Competition Commission of India (CCI): While rejecting a complaint filed by a retired Wing Commander alleging that Director General of Health Services (DGHS) was abusing its dominance for empanelment of private hospitals for purpose of healthcare and medical services to Central Government Health Scheme (CGHS) beneficiaries in Delhi-NCR region, CIC dismissed the allegations of anti-competitive practices against DGHS, Ex-Servicemen Contributory Health Scheme (ECHS), Quality Council of India and National Accreditation Board for Hospitals and Healthcare Providers (NABH). It was submitted in the complaint that an office memorandum was issued by DGHS for fresh empanelment of private hospitals and revision of package rates applicable under Central Government Health Scheme (CGHS) in Delhi wherein it prescribed different rates of reimbursement to the private hospitals based on their accreditation with NABH. The complainant contended that the said office memorandum does not spell out any rationale or logic behind the different rates of payment for treatment of a disease or medical condition as there is no relationship between NABH accreditation and efficacy of treatment offered by a hospital. It was also alleged that such a categorization of hospitals is based on wrong presumption of efficacy of NABH accreditation without any scientific basis and DGHS has colluded with the other Opposite Parties to give benefit to a selected few hospitals having NABH accreditation and reimburse them with payments at higher rates compared to other hospitals without NABH accreditation. CIC observed that “For applicability of the provisions of Section 4, the entity or entities in question must be an enterprise in terms of section 2 (h) of the Act. In the instant case the allegations of the Informant primarily against DGHS which is working under the Ministry of Health and Family Welfare, Government of India. The activities being performed by DGHS cannot be covered in the definition of ‘enterprise’ because it is not directly engaged in any economic and commercial activities. Its role is limited to control and regulate the health care system in the country”. While holding that no prima facie case is made out against the opposite parties CIC rejected the contentions of complainant and held, “The different rates prescribed by DGHS for NABH accredited hospitals cannot be considered as anti-competitive in any manner, rather it would act as an incentive to non-accredited hospitals to secure such accreditation and provide quality health care services, which will ultimately benefit the patients.” (Dr. Biswanath Prasad Singh v. Director General of Health Services, Case No. 20 of 2014, decided on June 23, 2014)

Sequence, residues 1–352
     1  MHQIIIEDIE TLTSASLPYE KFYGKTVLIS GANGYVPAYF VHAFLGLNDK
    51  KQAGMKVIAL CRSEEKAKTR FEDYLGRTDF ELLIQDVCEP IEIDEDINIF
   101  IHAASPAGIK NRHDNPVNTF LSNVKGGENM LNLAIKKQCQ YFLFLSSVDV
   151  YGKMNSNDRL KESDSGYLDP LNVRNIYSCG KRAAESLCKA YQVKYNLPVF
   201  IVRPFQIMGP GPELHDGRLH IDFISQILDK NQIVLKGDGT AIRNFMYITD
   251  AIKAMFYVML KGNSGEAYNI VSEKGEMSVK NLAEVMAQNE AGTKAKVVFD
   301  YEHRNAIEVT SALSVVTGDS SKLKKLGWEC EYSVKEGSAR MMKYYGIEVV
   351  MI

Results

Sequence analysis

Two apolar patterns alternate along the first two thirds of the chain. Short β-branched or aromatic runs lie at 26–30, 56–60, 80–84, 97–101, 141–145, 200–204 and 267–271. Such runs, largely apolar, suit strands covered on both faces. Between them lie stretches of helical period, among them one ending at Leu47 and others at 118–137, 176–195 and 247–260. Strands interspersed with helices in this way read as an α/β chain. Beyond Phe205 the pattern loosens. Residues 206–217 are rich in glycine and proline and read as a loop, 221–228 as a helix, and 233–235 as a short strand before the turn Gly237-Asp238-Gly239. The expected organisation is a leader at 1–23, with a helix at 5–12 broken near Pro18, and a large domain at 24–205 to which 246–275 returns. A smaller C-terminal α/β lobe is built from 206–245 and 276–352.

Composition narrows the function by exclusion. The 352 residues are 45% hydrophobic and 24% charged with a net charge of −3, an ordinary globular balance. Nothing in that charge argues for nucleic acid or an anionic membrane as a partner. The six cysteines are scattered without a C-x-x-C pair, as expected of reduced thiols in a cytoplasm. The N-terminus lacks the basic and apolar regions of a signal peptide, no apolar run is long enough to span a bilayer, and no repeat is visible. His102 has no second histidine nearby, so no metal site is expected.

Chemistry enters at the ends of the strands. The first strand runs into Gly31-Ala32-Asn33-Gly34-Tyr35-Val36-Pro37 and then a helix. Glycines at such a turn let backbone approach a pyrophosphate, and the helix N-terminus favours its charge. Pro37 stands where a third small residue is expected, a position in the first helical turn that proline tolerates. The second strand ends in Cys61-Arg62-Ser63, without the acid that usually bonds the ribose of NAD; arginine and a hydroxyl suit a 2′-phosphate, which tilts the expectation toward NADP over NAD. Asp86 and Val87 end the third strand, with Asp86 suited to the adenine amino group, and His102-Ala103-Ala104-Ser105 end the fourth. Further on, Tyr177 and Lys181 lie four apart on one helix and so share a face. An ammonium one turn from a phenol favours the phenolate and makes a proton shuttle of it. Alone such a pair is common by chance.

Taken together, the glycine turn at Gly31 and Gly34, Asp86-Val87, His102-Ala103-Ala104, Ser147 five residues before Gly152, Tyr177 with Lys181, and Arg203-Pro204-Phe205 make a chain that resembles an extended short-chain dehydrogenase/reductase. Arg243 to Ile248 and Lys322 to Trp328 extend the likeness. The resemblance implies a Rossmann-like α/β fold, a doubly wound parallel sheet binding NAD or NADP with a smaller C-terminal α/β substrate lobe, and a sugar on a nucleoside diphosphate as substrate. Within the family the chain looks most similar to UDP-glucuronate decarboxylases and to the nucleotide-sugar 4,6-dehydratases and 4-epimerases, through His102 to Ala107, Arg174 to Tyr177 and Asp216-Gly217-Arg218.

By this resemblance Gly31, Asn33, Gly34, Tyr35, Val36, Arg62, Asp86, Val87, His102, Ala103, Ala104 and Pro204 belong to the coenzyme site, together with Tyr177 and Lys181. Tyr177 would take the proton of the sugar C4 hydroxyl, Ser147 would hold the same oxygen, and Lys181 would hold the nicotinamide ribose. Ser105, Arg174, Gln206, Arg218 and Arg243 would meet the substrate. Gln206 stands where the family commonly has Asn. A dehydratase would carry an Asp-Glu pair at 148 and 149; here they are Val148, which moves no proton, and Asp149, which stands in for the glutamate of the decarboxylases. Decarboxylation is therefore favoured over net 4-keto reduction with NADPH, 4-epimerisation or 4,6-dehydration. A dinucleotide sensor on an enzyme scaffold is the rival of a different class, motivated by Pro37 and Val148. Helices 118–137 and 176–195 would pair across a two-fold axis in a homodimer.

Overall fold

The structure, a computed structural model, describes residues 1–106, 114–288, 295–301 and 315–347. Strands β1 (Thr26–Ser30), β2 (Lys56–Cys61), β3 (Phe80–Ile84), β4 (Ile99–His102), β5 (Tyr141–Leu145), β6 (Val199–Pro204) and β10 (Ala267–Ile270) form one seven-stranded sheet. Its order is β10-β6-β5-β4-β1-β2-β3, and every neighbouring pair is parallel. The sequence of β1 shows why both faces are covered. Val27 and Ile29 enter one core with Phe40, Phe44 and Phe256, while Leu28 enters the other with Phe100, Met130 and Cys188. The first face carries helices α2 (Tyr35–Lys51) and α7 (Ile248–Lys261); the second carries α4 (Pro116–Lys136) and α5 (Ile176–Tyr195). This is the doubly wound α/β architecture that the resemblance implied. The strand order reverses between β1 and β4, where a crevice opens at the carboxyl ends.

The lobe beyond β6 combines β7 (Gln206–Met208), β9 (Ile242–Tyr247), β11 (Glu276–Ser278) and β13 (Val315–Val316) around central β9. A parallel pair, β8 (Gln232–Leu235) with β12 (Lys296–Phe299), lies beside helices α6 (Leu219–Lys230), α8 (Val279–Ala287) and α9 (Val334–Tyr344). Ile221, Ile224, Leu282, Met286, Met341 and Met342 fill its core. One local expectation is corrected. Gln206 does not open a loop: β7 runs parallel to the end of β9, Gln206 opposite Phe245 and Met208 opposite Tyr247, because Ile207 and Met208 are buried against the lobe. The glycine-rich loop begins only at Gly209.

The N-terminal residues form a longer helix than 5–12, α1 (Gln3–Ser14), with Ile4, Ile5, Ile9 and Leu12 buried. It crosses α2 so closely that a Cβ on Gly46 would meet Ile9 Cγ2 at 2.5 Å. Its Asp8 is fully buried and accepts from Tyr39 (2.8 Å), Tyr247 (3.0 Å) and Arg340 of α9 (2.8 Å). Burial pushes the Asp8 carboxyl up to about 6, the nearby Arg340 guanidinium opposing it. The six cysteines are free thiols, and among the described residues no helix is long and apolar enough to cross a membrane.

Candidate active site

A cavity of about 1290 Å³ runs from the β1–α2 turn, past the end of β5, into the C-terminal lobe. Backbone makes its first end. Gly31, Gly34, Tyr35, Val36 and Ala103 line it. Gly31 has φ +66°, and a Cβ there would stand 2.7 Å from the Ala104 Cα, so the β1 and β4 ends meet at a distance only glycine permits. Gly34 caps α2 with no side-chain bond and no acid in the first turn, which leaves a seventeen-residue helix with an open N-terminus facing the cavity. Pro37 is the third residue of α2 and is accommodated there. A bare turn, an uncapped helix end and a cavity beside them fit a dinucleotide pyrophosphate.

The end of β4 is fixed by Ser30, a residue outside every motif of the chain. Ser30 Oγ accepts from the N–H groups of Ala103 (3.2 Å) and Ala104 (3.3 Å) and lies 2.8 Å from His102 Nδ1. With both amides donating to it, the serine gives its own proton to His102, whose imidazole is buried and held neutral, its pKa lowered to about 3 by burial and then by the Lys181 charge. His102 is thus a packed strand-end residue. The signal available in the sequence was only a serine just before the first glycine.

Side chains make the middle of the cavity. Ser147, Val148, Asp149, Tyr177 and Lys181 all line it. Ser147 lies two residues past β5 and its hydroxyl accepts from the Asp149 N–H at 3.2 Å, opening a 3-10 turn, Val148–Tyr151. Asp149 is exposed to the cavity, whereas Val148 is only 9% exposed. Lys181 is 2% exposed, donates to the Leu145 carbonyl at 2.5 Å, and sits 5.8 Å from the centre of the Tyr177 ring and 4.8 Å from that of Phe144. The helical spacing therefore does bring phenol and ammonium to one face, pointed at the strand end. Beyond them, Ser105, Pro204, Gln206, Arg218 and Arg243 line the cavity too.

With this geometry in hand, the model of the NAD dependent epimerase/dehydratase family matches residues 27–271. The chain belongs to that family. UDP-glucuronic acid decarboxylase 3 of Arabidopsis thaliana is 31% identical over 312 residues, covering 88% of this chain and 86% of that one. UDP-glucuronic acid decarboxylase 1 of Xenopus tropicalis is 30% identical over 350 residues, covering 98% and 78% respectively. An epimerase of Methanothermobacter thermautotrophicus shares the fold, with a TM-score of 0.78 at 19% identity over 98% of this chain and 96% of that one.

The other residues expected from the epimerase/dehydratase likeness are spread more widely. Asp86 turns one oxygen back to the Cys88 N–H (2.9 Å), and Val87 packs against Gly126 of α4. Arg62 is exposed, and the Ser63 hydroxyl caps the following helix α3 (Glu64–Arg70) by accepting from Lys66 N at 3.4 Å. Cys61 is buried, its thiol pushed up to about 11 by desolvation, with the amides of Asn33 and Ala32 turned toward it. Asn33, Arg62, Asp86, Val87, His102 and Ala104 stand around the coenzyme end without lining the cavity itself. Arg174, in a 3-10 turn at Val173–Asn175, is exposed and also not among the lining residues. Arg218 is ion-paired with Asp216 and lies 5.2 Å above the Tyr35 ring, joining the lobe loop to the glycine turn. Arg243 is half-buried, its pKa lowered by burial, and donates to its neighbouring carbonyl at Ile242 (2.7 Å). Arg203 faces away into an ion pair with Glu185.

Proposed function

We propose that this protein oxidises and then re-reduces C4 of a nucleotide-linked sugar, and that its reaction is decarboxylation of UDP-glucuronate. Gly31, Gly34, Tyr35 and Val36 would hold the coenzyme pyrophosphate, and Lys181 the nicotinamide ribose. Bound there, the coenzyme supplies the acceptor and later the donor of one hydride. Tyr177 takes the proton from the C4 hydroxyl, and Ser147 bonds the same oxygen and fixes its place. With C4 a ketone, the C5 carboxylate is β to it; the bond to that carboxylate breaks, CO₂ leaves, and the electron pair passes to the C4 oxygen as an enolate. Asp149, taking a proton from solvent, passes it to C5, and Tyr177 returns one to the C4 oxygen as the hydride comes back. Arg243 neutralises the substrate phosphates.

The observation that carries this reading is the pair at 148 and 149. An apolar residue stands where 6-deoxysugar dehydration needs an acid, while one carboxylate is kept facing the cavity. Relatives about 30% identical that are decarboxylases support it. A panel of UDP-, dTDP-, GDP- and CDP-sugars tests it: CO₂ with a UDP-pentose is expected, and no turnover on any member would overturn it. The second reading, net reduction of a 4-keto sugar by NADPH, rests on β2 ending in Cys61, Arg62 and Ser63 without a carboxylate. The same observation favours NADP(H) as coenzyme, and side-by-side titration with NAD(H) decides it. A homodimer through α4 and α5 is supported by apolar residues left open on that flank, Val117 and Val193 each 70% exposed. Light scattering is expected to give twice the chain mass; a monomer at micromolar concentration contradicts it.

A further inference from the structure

To read the full judgment, refer to SCCOnLine

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